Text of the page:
Compulsive Overeating and Co-Occurring Disorders
A recent Psychology Today article highlights the similarities between food addiction and drug addiction in an attempt to convey the serious health risks associated with chronic and compulsive overeating. Some of these parallels are perhaps not so astonishing. We don’t have to read studies to know that an obese person carries with him a harsh societal stigma, just as a drug addict or an alcoholic does. In fact, obesity may well top drug and alcohol addiction when it comes to eliciting public scorn. After all an obese person cannot hide his condition, while an alcoholic in some cases may. And anyone who has struggled with either substance abuse or compulsive overeating — or has been close to a person who has — knows that denial comes with the territory. But some of the other facts laid out in this article might surprise you. Just as drug addicts very often struggle with co-occurring disorders, so do people who engage in compulsive overeating.
“Roughly half of drug addicts struggle with other mental health disorders. According to researchers from Toronto’s York University, it is also common for compulsive eaters to have other mental health issues such as depression and attention deficit hyperactivity disorder. They were also three times more likely than others to meet the criteria for binge eating.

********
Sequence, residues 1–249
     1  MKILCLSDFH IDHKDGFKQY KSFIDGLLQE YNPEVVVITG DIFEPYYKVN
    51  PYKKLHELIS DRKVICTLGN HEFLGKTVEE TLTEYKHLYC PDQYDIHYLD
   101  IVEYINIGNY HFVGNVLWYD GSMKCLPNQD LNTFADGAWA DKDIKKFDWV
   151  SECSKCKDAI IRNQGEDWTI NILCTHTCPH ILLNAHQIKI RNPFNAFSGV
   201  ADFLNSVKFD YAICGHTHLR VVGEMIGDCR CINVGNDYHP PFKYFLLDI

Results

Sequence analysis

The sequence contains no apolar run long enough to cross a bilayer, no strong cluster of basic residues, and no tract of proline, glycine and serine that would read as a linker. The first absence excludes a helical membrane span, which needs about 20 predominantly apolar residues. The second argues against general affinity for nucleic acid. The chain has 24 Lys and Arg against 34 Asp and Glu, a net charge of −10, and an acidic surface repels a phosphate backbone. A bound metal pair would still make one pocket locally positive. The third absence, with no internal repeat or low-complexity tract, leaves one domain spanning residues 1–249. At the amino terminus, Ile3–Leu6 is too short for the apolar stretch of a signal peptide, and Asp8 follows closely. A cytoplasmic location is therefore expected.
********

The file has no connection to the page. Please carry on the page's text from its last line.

It’s no wonder it’s so difficult to lose weight: Many of the same factors that embroil people in a lifelong battle with drug and alcohol addiction are at work when we eat junk foods. While there are clear differences between drug addiction and compulsive eating, the similarities have become increasingly difficult to deny. If research continues in this direction, we may find medications and behavioral therapies playing an even more central role in the treatment of obesity.”